Changing social care: an inclusive approach
Leadership for change and improvement: Establish a clear sense of purpose and ideology
- Be clear about where the organisation is now, where it needs to get to and why that is the right direction
- Understand how any proposed change fits with the purpose behind it.
- Plan how to communicate this purpose to the workforce.
…in all cases, the agreed sense of underlying purpose came first and mechanisms that enabled necessary changes…were subsequent(Fauth and Mahdon 2007).
Willowbank is now an organisation that is controlled by people with disabilities and works with and for people with disabilities. Willowbank sees a person with a disability as someone with a ‘solution’, providing they are encouraged, enabled and empowered to articulate what they want and need to help overcome barriers.(Willowbank)
Disability Wales adopted and embedded the social model of disability to become an organisation for disabled people. Its aim was to achieve rights, equality and choice for disabled people and adopting the social model of disability allowed Disability Wales to express the values it aspired to – of empowering disabled people to become equal citizens. A representative of one of its member organisations stated, ‘If you have a non-disabled person standing at the front of a lecture hall trying to offer disability equality training, however well they do it, however good the outcomes apparently are, it maintains the myth that this isn’t something disabled people can do themselves.(Disability Wales)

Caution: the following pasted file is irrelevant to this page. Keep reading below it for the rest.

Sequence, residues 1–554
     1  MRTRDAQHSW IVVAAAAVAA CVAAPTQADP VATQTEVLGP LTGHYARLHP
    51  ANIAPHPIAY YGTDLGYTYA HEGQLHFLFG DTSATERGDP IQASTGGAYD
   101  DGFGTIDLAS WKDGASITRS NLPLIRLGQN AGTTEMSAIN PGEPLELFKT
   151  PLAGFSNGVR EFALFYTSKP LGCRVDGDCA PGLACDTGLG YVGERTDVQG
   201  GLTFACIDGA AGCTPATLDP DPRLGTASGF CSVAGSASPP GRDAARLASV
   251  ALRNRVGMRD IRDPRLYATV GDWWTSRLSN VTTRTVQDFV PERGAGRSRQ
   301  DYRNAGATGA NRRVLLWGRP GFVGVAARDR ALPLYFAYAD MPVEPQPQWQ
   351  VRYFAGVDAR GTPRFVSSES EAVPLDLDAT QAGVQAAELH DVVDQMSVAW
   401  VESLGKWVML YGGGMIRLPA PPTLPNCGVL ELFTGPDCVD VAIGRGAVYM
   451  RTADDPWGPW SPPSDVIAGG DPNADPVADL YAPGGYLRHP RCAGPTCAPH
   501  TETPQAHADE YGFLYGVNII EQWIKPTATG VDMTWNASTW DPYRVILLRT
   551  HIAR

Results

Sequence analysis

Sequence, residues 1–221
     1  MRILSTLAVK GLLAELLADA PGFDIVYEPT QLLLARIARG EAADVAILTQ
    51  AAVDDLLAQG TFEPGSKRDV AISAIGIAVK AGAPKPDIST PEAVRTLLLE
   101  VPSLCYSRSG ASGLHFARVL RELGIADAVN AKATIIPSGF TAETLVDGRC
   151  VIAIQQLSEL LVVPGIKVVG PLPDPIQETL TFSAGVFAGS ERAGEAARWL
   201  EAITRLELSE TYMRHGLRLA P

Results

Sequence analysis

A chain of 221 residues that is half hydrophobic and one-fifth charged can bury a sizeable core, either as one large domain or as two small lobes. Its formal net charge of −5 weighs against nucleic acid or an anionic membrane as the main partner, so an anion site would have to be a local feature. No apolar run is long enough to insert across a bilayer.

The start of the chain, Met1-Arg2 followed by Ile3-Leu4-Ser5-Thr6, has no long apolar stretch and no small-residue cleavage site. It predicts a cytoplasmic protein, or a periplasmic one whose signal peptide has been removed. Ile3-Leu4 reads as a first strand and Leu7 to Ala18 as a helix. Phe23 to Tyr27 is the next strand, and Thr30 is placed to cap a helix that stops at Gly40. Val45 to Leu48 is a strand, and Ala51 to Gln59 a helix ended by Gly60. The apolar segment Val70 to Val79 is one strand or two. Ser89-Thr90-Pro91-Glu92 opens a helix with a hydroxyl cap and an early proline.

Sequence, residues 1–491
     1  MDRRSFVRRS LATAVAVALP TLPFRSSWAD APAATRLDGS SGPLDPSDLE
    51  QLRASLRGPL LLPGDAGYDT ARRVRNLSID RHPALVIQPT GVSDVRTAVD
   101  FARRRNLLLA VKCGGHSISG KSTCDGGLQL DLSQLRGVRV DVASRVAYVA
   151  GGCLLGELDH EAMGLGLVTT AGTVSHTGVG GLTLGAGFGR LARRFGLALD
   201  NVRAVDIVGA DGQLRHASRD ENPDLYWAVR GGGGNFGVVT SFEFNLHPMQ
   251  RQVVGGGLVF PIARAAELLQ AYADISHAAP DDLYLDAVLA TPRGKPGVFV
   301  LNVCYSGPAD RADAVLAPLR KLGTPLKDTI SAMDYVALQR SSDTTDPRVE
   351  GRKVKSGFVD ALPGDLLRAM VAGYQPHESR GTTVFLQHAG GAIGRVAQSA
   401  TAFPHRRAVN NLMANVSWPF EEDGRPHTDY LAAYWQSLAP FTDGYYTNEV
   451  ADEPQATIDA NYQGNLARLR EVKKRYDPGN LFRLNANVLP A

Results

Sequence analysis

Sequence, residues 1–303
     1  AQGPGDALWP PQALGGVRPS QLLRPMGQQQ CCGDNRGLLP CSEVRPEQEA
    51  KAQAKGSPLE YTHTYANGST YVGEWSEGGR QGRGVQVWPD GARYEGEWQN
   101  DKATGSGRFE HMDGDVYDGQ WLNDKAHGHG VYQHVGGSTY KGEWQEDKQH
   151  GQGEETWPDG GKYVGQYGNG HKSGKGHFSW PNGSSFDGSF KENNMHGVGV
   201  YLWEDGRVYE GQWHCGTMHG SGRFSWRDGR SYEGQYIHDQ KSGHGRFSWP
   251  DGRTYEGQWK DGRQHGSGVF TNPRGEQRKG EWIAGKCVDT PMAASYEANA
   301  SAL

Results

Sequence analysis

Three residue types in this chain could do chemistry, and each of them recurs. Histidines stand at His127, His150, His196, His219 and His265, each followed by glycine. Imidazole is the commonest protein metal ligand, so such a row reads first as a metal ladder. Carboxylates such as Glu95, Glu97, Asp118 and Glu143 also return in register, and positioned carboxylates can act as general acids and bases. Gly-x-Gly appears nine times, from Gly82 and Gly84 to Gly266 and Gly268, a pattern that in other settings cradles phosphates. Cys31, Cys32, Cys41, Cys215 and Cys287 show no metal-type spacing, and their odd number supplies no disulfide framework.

How we know this?
- Research shows that those in leadership positions need to take responsibility for making sense of the change, including establishing starting points, managing the change journey and communicating the guiding principles. This was the aspect most strongly associated with successful implementation of change or improvement (Higgs and Rowland 2005) and therefore requires particular attention.
- Team leaders and managers are responsible for bridging the gap between the vision at the top and the work at the front line (Tenkasi and Chesmore 2003), and therefore have a key role to play in making sense of the change and communicating plans to the workforce.